In honor of Black History Month, we are featuring interviews with local Black community leaders. These pieces were written by Baylor University students from the Department of Journalism, Public Relations, and New Media. The students asked questions about what the leaders love about Waco, and we are excited to share their responses with you this month.
By Aston Crosbie
Waco is filled with small businesses trying to stay afloat or expand. Some are family owned and some are simply entrepreneurial endeavors. No matter the case, there are people in the community working to help them increase business and revenue.
Rachel E. Pate is one of those people. She is vice president of economic development at Cen-Tex African American Chamber of Commerce. Pate attained this position four years ago and saw it as an opportunity to cement a legacy for her and her newborn child. She has been a long-time resident in Waco and has seen the town transition from a quiet little town to a tourist destination.
She focuses on the economic development of small businesses in Greater Waco. She assists in business expansion and growth. Pate hints at the fact that as businesses grow so does Waco.
“We’ve been waiting for, as residents who have never lived anywhere else, to see our city become vibrant. We want to be a part of that growth and see all the things we have envisioned,” Pate said.
She expressed her pride in her roots in Waco, especially on her mother’s side. Pate explained how good it feels to watch your hometown grow and flourish. The chamber had visions of what Waco could become, and it is slowly beginning to happen.
Pate encourages young people to get involved through volunteering. It is a great way to get networked within your community. If you don’t know where to start, she said you can simply show up to the office at the African American Chamber. They will help you get started and find events for you to help with.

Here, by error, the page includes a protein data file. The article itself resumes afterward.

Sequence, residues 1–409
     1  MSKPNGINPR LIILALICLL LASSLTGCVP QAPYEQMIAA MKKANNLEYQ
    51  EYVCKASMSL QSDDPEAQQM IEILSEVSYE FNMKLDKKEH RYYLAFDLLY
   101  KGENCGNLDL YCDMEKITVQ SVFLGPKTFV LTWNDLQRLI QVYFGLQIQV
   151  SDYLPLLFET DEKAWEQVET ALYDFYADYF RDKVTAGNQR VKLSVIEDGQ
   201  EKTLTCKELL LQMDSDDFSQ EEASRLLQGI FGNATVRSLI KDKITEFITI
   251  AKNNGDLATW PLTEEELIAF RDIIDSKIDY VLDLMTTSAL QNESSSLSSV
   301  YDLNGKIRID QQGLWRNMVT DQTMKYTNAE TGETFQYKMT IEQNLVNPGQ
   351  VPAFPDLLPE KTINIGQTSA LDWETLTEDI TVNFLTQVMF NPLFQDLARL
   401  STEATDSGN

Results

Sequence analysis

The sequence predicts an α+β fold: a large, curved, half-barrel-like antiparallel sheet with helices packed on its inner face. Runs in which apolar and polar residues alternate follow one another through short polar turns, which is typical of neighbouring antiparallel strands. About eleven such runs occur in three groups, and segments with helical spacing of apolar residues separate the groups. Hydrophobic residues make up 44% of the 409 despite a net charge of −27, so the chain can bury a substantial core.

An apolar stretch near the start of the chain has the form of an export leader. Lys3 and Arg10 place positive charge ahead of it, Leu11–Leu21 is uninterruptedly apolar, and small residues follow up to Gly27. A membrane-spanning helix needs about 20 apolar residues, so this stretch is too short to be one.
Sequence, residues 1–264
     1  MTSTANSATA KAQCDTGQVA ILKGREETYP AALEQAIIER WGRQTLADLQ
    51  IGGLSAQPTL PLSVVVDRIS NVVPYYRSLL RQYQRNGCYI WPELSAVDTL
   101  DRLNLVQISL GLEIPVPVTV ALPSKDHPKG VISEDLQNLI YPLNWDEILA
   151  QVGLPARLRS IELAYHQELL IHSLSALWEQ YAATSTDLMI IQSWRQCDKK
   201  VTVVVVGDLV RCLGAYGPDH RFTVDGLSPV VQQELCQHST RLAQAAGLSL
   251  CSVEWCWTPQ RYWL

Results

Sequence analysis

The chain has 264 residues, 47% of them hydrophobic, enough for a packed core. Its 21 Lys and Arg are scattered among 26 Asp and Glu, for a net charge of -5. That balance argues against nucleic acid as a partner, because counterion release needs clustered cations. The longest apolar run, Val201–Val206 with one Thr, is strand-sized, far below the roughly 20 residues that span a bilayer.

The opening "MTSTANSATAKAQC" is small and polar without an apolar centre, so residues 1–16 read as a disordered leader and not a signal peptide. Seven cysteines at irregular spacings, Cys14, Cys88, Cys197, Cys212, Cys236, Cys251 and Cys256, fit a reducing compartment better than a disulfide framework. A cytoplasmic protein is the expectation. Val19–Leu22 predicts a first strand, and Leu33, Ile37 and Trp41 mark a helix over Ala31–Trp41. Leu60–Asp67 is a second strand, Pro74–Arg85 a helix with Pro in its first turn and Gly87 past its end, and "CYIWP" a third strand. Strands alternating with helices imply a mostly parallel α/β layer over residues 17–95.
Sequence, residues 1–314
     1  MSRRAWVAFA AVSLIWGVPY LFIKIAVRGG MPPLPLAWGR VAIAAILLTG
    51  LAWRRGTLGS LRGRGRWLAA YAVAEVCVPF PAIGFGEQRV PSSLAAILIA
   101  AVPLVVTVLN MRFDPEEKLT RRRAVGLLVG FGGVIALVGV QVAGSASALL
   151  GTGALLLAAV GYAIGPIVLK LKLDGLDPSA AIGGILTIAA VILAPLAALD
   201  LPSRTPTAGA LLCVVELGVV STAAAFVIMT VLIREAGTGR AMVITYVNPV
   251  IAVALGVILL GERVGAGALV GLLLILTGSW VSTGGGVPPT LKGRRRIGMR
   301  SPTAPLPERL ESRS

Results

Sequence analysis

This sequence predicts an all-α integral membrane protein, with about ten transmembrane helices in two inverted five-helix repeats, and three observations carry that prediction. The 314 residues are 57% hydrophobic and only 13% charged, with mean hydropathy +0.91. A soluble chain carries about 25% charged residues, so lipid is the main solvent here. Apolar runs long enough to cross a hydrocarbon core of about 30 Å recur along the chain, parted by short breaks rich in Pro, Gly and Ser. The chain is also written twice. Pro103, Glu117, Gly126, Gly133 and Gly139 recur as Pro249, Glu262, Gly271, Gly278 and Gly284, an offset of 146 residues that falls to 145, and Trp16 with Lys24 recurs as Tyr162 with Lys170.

Also, the African American Chamber has a committee called the Chamber Ambassadors. It is open for anyone to join and includes members of the chamber who want to widen the outreach. They also help new members get acquainted with the community and the opportunities available.
“It has reinforced my need to be self-reliant and that would be the same for our organization. . . . You must be dependable for yourself before you can help anybody,” Pate said.
With Covid-19 taking over the world, Pate expressed the need for everyone to become independent. There will now be more individual responsibility compared to the days of the past. There are new restrictions and guidelines for their organization and surrounding ones. This makes it harder to operate and do the usual things necessary to run smoothly. The African American Chamber is actively trying to develop a program to help people through these strange times.
The African American Chamber collaborates with other organizations in Waco, including the Cen-Tex Hispanic Chamber of Commerce. These two organizations come together to form an alliance called the Star Bridge. They collaborate on economic development activities, fundraisers, and community events.
Getting involved as much as possible can show you a side of your community that you never knew, Pate said. It can open doors for you in the workplace and in life. Pate encourages people of all ages to get up and learn about their community and get involved.
“Everything depends on you being present in your community,” Pate said.
Education, values, and well-being will benefit from you getting involved in your community, she said. Once you get plugged in, you see the bigger picture. It helps you find your niche and your way to insight change.
Aston Crosbie is from Jupiter, Fla., and a junior at Baylor University.
The Act Locally Waco blog publishes posts with a connection to these aspirations for Waco. If you are interested in writing for the Act Locally Waco Blog, please email Ferrell Foster at [email protected].